So much of what happen at that club, so much of what it does, is based on a Trumpian-Johnsonian-Trussian outlook where facts don’t seem to matter, where they can convince themselves that their own delusions represent the bricks and mortar world and where simply repeating lies over and over again can make those lies the truth.
It was Joseph Goebbels who, when talking about the secret of successful propaganda said “it must confine itself to a few points and repeat them over and over.”
This is the basic strategy at play with Ibrox’s battle over the cinch deal.
They keep on saying that this is about the incompetence of the governing bodies, and our incredibly stupid media keeps on repeating the same. But what is this really about?
The “commercial contract” which Ibrox has, and which in their view negates the cinch deal, is basically a deal between the football club and its own chairman. It is a sheer nonsense to claim that this makes their participation in the cinch deal impossible. It is immediately clear to anyone who looks at it that Ibrox’s intention is simply to cause trouble.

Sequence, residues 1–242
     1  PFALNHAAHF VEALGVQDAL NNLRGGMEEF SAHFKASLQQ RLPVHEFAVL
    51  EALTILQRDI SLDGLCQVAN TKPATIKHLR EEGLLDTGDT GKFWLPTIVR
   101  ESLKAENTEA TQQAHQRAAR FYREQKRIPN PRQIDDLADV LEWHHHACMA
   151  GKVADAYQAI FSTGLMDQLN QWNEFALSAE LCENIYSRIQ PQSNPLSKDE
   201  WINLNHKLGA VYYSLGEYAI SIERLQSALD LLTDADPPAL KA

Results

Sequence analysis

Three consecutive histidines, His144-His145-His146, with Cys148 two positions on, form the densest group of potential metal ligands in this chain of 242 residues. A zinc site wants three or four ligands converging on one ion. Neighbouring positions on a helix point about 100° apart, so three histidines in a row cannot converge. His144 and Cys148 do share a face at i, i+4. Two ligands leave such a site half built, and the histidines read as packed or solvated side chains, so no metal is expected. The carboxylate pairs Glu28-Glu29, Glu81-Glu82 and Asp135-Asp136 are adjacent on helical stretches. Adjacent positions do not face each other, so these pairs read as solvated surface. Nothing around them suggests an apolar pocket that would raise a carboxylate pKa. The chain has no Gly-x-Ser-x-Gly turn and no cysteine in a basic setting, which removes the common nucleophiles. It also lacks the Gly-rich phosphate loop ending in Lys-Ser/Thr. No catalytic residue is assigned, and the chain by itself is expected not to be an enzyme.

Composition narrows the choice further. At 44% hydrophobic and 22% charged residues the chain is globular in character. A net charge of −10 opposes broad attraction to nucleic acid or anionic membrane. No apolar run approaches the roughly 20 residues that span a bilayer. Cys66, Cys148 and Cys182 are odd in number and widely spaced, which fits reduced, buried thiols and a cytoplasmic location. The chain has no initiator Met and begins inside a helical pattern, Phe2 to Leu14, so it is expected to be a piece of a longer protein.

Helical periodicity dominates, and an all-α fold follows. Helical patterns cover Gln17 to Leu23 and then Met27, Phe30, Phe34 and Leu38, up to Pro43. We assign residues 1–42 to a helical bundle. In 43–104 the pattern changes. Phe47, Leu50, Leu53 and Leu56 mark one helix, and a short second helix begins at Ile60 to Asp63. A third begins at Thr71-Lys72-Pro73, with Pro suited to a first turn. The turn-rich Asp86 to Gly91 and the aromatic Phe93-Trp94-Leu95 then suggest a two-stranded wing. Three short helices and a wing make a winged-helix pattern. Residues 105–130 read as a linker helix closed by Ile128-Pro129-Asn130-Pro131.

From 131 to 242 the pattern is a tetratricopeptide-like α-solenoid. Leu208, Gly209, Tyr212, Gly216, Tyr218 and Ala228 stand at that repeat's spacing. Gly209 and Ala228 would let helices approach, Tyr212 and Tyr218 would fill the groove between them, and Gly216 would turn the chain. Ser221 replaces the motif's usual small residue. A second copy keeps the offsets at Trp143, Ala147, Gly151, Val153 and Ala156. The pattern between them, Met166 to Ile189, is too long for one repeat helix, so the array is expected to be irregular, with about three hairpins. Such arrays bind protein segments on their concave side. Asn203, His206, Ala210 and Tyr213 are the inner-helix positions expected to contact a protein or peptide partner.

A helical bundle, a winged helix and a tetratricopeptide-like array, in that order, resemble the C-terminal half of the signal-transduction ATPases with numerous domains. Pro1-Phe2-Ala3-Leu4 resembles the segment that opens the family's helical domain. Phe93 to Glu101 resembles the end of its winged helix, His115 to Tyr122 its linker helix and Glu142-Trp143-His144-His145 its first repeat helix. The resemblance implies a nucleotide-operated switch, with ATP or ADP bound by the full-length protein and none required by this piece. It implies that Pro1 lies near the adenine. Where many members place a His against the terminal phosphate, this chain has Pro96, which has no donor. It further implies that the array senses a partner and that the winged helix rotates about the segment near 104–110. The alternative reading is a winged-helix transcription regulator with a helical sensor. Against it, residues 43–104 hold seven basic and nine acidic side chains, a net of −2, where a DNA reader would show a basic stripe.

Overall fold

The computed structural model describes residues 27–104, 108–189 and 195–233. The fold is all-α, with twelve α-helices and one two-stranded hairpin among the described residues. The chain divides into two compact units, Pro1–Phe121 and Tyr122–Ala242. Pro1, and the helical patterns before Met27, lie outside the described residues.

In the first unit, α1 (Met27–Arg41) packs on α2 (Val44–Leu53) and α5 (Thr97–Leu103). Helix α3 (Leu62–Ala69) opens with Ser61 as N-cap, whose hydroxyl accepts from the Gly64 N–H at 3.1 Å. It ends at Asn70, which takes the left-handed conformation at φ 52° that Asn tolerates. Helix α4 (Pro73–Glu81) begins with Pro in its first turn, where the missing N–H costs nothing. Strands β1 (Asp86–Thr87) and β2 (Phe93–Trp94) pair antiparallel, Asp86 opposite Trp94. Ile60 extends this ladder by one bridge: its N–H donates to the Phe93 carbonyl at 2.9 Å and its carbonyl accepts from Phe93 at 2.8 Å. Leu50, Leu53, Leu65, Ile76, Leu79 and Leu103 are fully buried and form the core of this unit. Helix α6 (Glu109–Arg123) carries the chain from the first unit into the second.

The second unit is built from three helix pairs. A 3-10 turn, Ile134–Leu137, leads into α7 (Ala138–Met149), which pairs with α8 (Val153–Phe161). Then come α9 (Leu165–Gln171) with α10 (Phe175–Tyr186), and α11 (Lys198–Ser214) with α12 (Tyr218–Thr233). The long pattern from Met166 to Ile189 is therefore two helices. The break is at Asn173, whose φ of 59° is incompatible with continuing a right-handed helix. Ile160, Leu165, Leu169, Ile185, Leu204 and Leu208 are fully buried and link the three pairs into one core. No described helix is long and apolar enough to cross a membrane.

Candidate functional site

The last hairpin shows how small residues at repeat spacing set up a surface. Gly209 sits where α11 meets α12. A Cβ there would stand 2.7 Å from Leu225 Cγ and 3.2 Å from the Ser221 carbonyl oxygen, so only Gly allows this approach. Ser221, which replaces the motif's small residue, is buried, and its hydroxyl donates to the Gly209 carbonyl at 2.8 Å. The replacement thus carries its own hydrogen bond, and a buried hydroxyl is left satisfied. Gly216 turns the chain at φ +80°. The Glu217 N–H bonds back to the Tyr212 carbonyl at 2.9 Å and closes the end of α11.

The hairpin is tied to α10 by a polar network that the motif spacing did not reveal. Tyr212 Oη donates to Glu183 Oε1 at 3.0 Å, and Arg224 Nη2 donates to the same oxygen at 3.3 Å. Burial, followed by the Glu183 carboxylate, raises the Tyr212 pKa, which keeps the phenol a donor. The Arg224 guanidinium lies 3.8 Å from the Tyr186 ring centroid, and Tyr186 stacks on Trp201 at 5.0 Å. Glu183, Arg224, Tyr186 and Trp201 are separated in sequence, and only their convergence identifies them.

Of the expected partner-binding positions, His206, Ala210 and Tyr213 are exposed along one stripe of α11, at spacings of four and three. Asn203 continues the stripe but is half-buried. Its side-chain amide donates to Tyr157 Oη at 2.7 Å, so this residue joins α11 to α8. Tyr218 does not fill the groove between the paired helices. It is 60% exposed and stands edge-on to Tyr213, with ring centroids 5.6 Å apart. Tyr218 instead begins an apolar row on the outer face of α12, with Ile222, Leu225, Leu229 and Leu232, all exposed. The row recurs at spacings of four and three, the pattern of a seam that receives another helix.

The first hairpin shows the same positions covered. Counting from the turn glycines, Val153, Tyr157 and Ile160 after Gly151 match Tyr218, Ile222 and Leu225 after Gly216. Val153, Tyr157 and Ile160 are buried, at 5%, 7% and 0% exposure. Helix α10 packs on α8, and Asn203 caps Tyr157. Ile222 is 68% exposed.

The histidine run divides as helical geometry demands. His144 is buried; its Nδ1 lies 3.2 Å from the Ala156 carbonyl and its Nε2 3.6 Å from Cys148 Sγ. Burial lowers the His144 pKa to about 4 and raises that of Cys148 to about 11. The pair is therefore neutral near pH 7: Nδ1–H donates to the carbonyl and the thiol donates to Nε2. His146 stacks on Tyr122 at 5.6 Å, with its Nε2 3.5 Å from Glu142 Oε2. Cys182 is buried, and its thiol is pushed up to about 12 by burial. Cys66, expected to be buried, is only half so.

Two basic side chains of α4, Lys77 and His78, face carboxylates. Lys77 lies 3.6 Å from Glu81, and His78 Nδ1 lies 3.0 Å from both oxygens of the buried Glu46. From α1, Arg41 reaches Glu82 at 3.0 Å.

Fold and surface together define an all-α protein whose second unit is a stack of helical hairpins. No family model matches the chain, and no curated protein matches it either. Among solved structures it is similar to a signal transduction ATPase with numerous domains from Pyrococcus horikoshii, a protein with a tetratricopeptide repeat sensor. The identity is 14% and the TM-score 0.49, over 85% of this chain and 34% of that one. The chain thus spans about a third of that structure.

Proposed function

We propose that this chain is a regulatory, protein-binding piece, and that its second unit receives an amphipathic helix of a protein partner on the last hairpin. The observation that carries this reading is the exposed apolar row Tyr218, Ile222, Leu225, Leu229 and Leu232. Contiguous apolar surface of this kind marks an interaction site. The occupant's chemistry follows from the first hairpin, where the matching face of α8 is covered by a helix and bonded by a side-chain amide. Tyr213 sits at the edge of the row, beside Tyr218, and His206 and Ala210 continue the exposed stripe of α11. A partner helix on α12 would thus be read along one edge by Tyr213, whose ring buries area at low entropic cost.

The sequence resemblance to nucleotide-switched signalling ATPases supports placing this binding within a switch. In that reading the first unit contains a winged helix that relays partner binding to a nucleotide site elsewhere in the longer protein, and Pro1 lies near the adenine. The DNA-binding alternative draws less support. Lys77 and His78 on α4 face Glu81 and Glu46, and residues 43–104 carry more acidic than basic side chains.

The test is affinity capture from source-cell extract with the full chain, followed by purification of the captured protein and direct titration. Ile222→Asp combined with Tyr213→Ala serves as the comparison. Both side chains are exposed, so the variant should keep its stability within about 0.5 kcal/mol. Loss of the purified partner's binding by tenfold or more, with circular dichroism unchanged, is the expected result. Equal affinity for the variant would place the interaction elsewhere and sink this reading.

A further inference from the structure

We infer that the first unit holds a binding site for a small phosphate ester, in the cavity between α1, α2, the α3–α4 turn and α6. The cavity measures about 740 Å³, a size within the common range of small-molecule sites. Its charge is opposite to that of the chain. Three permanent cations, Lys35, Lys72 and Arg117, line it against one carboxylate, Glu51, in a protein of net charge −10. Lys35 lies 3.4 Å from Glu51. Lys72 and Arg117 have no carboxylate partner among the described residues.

To what end though? They have failed, utterly, in their goal of removing Doncaster, MacLennan and the SPFL legal team. The chances of success on that score are basically zero.
They have leaked to the media this morning that they have “called a meeting” of the clubs in the topflight to put forward their case, as if the top flight clubs don’t already recognise what’s actually going on here.
What they are actually doing, of course, is attempting to extort the rest of the league by making a ridiculous claim over legal expenses and continuing to demand that the league body apologises to them over this perceived slight. This is basically the same strategy, and for the same goal, that they attempted to hold hostage the Sky TV renewal.
This is a club driven batshit by its own refusal to realise that the gig is up.
That the rest of Scottish football wants no part of their pitiful vendetta.
This is a club that has gone rogue, and everyone knows it, everyone can see it clearly, and their behaviour continues to represent a clear and present danger to the rest of the game because although the TV issue might be resolved Ibrox is making it clear that it will continue to obstruct all other business until every other club embraces its delusional thinking and the game is plunged into bloodletting for its own sake.
It is not so much that Ibrox believes that it can win here – that is mad enough – but that it believes, in fact, that there is a win to be had. There isn’t. The SPFL board is not going to collapse, the major commercial deals are not going to unravel, the clubs are not suddenly going to turn their guns on the people who just boasted about delivering record revenues.